A hole is to dig

Sometimes you don’t know what you want, you don’t know what things are for and you certainly don’t know what you are actually doing. I have been in this place. I’d been working and writing, with some mothering on the side, but none of it was going well, except the mothering, that was pretty good. I wasn’t working at full capacity and I’d convinced myself that it was freeing me up to write. Except I wasn’t. I wasn’t writing at all. My heart wasn’t in it. I hadn’t felt like it. Such a cop-out. It is a disciple after all. It is a calling after all. It had called me, and I had turned my face into the wind, to drown the calling shout.

The philosophical view of this could be that my purpose wasn’t clear. There was a lack of clarity about what I was becoming. There are many philosophers for whom this is an entire life’s work and writing. There are many people for whom this never becomes clear. For me, I wasn’t sure it wasn’t clear. I thought I knew. I was entirely wrong. As a philosopher, and after a month’s reflection, I now know this isn’t good enough. I can’t halfheartedly do anything.

A hole is to dig

Buttons are to keep people warm

Children are to love

A book is to look at

Ruth Krauss’s work A hole is to dig with Maurice Sendak’s beautiful illustration has stayed deep inside my mind since childhood. It is sub-titled ‘A First Book of Definitions’. From a philosophical point of view, this beguiling children’s book provides a breathtakingly simple and elegant example of what are called ‘artifacts’ and their functions. ‘A hole is to dig’, ‘a face is for making faces’. What something is for, what it is good for, is sufficient to explain what it is. This is, a rather computational, rational and logic based sort of philosophy. However, this little book is the perfect example of the theory of ‘artifacts’, or things are defined by their function. I have been unable to shake the fragment ‘a hole is to dig’. It has been rising to the surface of my mind almost daily.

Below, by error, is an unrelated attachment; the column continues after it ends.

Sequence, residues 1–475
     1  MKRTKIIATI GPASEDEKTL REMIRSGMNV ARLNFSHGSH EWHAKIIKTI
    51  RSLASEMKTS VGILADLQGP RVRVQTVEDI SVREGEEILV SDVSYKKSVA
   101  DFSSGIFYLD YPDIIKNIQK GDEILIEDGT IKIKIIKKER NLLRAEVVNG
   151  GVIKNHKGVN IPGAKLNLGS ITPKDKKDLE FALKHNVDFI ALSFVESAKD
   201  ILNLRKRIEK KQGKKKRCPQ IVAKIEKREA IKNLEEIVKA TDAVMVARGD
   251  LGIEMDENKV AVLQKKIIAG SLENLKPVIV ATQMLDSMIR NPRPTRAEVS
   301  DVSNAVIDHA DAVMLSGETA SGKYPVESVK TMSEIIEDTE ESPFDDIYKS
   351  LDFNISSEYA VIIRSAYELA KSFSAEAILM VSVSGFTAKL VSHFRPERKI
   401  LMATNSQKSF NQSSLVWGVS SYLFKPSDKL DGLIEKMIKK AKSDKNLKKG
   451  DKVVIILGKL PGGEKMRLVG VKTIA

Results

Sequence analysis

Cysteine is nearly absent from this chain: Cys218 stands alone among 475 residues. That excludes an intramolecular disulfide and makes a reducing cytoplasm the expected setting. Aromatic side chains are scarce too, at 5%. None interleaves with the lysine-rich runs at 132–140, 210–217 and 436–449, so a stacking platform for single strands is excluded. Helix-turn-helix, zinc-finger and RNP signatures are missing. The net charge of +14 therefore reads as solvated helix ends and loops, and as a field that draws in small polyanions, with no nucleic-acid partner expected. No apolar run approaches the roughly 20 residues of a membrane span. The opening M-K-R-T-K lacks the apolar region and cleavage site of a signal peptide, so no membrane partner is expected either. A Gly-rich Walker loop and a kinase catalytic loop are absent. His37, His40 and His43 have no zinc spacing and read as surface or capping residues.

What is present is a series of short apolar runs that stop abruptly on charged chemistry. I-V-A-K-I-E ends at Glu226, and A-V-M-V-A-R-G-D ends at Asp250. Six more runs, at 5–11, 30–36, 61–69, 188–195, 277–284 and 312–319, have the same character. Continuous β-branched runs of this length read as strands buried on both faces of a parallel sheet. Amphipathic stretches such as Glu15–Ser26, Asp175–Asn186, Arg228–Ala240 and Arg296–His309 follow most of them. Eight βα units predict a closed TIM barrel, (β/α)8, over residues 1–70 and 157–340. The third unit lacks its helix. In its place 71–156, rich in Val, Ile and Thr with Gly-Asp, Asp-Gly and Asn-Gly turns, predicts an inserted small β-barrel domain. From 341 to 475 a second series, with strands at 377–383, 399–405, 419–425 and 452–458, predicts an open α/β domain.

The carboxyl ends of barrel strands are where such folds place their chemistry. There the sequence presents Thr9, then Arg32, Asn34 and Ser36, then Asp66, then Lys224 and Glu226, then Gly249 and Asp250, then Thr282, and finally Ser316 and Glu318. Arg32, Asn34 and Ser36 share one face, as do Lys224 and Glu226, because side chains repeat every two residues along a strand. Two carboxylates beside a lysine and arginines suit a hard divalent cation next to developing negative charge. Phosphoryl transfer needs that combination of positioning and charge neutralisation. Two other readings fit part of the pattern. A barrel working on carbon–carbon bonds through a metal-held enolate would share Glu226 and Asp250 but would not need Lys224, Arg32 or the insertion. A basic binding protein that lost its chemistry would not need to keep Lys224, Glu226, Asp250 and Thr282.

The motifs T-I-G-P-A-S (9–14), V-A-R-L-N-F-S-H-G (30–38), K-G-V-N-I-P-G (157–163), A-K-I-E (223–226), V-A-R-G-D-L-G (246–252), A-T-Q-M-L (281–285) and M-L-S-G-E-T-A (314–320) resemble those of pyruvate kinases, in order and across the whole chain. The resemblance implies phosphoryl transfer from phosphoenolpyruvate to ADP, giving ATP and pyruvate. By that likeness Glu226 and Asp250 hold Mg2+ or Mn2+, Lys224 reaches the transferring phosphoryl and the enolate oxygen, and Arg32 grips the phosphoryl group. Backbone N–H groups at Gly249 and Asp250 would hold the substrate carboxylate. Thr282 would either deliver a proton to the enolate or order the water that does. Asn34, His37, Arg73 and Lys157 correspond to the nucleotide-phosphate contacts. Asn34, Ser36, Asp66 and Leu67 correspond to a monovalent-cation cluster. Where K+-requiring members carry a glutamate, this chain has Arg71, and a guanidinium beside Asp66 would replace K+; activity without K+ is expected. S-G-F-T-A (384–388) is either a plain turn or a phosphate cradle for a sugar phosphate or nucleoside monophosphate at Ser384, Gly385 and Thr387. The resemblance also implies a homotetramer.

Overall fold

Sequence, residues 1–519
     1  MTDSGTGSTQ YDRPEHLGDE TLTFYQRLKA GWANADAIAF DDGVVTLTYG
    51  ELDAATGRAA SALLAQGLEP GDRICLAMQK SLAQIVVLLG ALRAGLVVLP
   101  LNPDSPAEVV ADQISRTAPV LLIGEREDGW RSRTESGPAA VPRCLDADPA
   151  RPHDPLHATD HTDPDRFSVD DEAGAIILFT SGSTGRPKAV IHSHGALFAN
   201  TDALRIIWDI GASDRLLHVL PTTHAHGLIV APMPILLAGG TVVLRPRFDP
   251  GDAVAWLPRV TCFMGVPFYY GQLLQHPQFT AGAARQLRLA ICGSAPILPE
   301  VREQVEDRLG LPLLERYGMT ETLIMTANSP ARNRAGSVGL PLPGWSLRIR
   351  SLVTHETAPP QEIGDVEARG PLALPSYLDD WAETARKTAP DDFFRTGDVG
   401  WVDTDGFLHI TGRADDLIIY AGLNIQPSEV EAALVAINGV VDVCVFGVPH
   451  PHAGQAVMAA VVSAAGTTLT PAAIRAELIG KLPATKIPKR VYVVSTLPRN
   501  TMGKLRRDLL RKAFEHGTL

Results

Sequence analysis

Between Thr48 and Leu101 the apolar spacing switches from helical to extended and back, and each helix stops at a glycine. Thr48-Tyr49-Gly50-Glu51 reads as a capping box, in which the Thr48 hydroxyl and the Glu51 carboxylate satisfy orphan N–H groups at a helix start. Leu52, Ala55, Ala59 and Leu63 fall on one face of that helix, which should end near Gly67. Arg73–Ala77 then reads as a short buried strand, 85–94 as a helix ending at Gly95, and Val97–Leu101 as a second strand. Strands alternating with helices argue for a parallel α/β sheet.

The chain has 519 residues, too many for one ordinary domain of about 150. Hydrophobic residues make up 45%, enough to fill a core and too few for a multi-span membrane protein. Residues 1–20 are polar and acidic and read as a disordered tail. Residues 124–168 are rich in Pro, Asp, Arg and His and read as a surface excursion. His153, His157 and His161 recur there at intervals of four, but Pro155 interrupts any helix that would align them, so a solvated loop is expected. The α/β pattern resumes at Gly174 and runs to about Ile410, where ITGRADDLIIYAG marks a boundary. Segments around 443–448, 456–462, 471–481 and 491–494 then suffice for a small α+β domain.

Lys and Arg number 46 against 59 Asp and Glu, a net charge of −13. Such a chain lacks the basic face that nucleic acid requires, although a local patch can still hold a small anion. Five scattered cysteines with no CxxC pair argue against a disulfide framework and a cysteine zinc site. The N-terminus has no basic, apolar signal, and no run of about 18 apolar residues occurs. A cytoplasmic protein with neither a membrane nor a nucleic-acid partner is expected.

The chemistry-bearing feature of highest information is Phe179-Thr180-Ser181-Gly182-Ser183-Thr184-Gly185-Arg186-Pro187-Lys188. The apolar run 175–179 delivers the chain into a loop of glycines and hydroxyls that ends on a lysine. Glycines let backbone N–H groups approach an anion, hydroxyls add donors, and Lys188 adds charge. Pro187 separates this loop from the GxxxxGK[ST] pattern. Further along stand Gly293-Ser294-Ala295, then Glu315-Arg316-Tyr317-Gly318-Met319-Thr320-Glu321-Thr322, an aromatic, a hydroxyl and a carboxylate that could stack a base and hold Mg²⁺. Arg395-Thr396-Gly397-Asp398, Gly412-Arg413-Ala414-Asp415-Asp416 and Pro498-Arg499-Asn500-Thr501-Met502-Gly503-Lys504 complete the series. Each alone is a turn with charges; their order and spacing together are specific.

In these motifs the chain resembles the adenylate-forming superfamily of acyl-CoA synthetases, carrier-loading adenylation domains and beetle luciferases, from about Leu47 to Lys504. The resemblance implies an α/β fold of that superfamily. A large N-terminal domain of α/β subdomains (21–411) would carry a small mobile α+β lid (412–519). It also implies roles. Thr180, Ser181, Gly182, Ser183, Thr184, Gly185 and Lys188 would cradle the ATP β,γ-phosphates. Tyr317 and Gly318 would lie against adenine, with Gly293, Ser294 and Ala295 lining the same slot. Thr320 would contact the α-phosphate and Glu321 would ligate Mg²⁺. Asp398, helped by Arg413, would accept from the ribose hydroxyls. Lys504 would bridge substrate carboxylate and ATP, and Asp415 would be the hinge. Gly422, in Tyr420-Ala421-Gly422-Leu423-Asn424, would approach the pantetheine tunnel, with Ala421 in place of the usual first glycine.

It has caused me to wonder over and over, what am I for? What is my purpose? What am I doing?

I had found myself boxed in. Unable to see how my own thinking was limiting me. This is the great value of philosophy, and of children’s books, whether written by philosophers or not, they show you what you are. They also show you that your own nature can be concealed from yourself, but only for a little while.

Hands are to hold

A hand is to hold up when you want your turn

I am in danger of dislocating my shoulder my arm is so far up.

All references in italics from,  A hole is to dig, Ruth Krauss – words and Maurice Sendak – pictures, 1952. You can buy a copy for the child within who needs reminding of what holes are for here:

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